GROSS: How did you first get on this story of Henry Glover?

Mr. THOMPSON: You know, the way I came into reporting this story is that I came across a statement by a guy named William Tanner(ph), who said this whole crazy story - and he made this statement to a police accountability group in New Orleans - and he had this crazy tale, and it went something like: Shortly after the storm, I encountered a man who'd been shot. I tried to rescue him. I drove him to a school, a public elementary school where the police were camped out, but the police didn't help him. I thought they'd help him, but instead the police physically attacked me, and they physically attacked the other people with me. They let Henry bleed to death, and then they took off with my car, which I'd tried to rescue the man in, and they burnt up the car, and they burnt up Henry Glover's body, and they dumped it on the banks of the river.

So I'm reading this, and I'm thinking, wow, this is really bizarre. This is a really weird thing. And when you're an investigative reporter, you get kooky people who come and tell you kooky stories, and they're, you know, they're delusional. And I thought this might be the case.

But as I continued to work on reporting about the aftermath of Katrina, I came across the autopsy report for Henry Glover, the man described in this account, and he in fact had been burnt up.

And I thought, oh wow, this crazy tale that I had just read in this statement might actually be true. There might be something to it, because here was a guy who was very, very seriously burnt up during a flood, which looks pretty suspicious.

And so I called around, and I finally tracked down the Glover family, and I spoke to Henry's mom. And she said yes, I'd like to talk to you about my son. Can you come to our apartment tomorrow?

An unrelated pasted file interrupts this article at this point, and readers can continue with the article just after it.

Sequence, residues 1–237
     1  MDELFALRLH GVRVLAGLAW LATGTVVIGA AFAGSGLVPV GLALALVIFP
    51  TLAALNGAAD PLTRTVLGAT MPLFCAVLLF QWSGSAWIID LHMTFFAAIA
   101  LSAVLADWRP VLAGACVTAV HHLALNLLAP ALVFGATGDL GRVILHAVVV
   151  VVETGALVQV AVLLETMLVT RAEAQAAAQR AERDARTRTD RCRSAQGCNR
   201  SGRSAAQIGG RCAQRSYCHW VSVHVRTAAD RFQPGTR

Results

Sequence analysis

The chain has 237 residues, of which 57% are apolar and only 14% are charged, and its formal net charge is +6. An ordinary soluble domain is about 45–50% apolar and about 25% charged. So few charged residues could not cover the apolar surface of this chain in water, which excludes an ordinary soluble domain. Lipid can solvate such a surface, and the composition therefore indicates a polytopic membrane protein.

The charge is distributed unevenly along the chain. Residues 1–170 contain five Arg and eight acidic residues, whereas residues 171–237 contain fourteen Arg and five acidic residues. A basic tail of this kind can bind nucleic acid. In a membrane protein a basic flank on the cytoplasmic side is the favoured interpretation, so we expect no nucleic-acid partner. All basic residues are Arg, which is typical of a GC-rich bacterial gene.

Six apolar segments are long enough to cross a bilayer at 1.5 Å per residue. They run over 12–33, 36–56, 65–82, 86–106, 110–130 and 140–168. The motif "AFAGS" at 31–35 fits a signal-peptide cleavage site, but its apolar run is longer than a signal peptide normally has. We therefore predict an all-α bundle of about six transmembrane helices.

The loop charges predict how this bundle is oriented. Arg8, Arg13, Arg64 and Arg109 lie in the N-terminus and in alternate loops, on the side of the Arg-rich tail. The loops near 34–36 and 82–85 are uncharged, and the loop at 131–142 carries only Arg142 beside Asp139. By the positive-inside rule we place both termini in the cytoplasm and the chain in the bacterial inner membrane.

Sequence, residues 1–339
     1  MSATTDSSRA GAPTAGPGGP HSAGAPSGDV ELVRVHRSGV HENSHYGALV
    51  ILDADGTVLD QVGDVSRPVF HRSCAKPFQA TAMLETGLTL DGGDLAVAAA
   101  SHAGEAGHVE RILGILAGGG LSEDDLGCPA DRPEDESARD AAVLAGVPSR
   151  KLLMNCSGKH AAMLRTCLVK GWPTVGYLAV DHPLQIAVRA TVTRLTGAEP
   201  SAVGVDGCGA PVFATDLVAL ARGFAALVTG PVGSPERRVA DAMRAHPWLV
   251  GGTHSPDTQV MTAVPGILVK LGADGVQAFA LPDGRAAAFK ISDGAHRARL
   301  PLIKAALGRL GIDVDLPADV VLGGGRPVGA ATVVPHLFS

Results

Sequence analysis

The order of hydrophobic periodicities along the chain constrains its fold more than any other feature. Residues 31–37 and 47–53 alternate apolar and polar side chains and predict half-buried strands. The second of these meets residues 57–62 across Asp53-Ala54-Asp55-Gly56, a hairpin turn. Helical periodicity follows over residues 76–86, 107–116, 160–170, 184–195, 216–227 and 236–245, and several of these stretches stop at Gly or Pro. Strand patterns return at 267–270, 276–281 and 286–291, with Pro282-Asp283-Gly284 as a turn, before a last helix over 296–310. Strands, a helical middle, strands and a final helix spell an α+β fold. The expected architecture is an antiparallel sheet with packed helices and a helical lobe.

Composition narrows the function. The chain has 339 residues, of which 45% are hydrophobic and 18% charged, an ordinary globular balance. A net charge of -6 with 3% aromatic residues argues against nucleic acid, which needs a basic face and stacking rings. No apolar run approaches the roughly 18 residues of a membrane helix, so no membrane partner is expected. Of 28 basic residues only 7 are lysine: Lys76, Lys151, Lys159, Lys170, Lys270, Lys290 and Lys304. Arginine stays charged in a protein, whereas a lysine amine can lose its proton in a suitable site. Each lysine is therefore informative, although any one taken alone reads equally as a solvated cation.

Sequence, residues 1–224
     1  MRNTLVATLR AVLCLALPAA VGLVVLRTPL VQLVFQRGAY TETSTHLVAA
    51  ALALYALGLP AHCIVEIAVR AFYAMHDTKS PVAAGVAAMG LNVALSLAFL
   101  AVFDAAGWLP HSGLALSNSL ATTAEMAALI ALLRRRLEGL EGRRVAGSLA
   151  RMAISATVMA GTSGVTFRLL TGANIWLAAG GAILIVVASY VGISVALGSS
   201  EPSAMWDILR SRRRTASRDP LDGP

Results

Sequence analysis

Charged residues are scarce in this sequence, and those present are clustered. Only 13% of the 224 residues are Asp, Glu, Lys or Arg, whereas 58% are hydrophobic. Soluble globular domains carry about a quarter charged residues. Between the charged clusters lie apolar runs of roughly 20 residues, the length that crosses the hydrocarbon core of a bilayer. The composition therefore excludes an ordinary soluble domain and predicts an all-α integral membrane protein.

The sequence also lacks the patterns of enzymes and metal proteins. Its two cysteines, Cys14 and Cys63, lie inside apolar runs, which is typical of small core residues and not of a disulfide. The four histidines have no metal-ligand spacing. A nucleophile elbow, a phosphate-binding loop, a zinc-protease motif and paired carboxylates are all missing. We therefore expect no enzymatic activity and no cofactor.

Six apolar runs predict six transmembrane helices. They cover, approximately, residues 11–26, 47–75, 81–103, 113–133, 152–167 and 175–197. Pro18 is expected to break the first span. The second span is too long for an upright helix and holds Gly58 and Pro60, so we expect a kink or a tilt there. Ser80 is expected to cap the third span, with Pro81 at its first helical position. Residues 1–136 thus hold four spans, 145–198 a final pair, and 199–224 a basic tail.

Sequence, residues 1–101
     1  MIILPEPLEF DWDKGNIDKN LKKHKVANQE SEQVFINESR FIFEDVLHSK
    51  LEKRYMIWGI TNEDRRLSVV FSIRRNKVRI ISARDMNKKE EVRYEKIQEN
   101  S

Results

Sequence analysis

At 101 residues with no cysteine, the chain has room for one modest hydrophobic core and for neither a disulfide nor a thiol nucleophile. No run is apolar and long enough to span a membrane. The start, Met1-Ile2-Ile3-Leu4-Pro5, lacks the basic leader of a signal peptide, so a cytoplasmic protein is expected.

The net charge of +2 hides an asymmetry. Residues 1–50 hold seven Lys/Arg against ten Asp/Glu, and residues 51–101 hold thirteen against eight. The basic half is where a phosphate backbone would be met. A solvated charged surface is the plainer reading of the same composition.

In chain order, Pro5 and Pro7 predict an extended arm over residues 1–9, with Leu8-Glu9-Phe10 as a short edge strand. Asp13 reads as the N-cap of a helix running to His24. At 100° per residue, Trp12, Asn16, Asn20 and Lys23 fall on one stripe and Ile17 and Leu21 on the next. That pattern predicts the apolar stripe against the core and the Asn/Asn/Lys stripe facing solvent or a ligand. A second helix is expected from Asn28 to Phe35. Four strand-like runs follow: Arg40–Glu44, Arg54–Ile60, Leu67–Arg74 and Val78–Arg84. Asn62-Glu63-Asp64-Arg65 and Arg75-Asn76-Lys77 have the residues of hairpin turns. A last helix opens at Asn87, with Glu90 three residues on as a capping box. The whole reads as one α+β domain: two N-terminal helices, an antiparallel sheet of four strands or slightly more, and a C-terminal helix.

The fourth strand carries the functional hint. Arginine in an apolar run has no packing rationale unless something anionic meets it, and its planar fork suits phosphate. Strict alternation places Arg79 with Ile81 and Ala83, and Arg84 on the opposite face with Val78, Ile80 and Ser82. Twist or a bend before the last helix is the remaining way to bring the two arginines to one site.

And I went over there, and there were about 20 people in it, this small place, and she said: This is all of Henry's family, and this is 2008. He died in 2005. We still have no clue what happened to him. Do you know what happened to him?

And everyone was clamoring for information. All of his family members needed to know what happened to Henry. All they knew was that the last time they'd seen him, he'd been in police custody, and his remains had been found burnt up on the banks of the Mississippi. They knew nothing.

And his brother, who'd helped to try to rescue him, was there. The man who had made the statement about trying to rescue him was there as well, William, and they all told me the same story, and it was just this macabre, disturbing mystery.

GROSS: What did you learn about how and why Henry was shot in the first place?

Mr. THOMPSON: Well, you know, at first I had no clue why he was shot. I didn't know at all. And there were different theories, you know. One person thought, well, perhaps it was a police officer because there was a police substation in the strip mall right near where he was shot. Other people thought it was a shopkeeper who might have thought that Henry was trying to steal something from the strip mall. Other people thought it might have been just a random act of violence.

Nobody knew. Nobody that I was talking to early on had a clue. And over time what came out was that there had indeed been a police officer at that strip mall who had fired a shot at Henry Glover. And what became more and more clear and a lot of this was uncovered by my friends at the New Orleans Times-Picayune was that a police officer had fired a shot from his rifle. He in all likelihood had shot and hit Henry Glover.

Henry's companions had spirited him away from that section, that area, without really knowing that he'd been shot by the police, and according to the federal indictments, that there was pretty quickly a cover-up that went into effect where officers were basically trying to hide the fact that this shooting had occurred.

GROSS: When you say a cover-up, what was the shape of that cover-up?

Mr. THOMPSON: Well, what you can divine from talking to sources and looking at the federal indictments is that the federal government does not believe that the incident report that was written up in the wake of the shooting describing it is an accurate and truthful document. That's clear from what the federal government is alleging in their indictment, in court papers.